Sakio Bika: low-key, ignored and ticked-off
Skills pay the bills, they say, and that is usually the case within the squared circle, as the man with the better array of skills, the more TALENTED boxer, usually wins.
Ah, but there is an exception to every rule, other than death and taxes. And, in fact, the non-payment of taxes is a “skill,” which can sometimes result in a person taking a state-sponsored vacation. So, the only certainty is death…but I digressÔÇª
Sakio Bika is not a smooth, “Skills pay the bills” sort of boxer. His game is one predicated on his strength, will and ruggedness winning out. Yes, the Cameroon-born Australian resident, who gloves up next Saturday, April 4, against RING light heavyweight champion Adonis Stevenson, is not the smoother pugilist with the more vast arsenal when we assess these two boxers.
But there might be an intangible in play here, one which might make a fan consider Bika’s chances with a bit more optimism than one might assume on the surface.
In short, Bika is kinda irked. Maybe more than “kinda,” actually. During a recent conference call to bang the drums for the scrap, which will run on CBS terrestrial (3 p.m. ET), pretty much all queries were aimed at Adonis and had to do with whether or not he’d be fighting WBA/IBF/WBO titlist Sergey Kovalev. I put it to Bika a couple days later: Dude, are you pissed off?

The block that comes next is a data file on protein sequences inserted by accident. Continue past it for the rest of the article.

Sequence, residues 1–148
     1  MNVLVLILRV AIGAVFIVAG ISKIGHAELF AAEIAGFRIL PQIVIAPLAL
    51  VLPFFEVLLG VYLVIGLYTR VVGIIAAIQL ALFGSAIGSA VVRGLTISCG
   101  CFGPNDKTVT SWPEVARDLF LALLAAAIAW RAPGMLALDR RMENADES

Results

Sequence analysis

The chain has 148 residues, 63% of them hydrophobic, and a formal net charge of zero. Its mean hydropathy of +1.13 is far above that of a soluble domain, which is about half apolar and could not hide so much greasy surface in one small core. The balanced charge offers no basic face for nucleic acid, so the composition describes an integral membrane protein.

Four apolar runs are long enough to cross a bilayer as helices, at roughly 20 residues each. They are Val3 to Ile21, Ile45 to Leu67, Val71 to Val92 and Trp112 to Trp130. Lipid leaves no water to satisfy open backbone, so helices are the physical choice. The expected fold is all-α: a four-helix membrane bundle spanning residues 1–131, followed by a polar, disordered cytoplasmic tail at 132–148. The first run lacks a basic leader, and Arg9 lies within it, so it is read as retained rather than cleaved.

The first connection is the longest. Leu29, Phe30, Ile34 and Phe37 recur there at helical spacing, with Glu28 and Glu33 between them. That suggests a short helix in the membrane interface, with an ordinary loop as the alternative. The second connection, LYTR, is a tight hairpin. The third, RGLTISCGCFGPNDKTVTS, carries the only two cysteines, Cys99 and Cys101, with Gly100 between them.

“It angered me,” the 35-year-old rugged-man told me. “I was very, very pissed off. I’ve been in this business a very long time. I’m very focused on my opponent.” Message: I’m a vet; I know how to focus this ire the right way. “I’m going to win. Adonis is not special. I know he has a big right hand. But April 4, we will see.”
Bika comes in without screaming momentum; he won the vacant WBC 168-pound crown against Marco Periban in June 2013, then drew with Anthony Dirrell in his first defense. They did the rematch and the Michiganer Dirrell made off with the strap. At 32-6-3 (21 knockouts), his record doesn’t scream “favorite” and, yes, the writers were sending a message of unintentional disrespect when asking the 25-1 (21 KOs) Adonis, 37, about a Kovalev fight. Also, this fight is in new territory, 175, for the underdog. His lack of power could easily be an even greater drag on him at this weight class.
But Bika demands I return to a place from which I consider all possibilities…
“Maybe we will see Bika versus Kovalev,” said Bika, in closing, reminding us all of something we should know. The best laid plans of of mice and men – and especially those involved in making longer-range plans in the fight game – often go awry.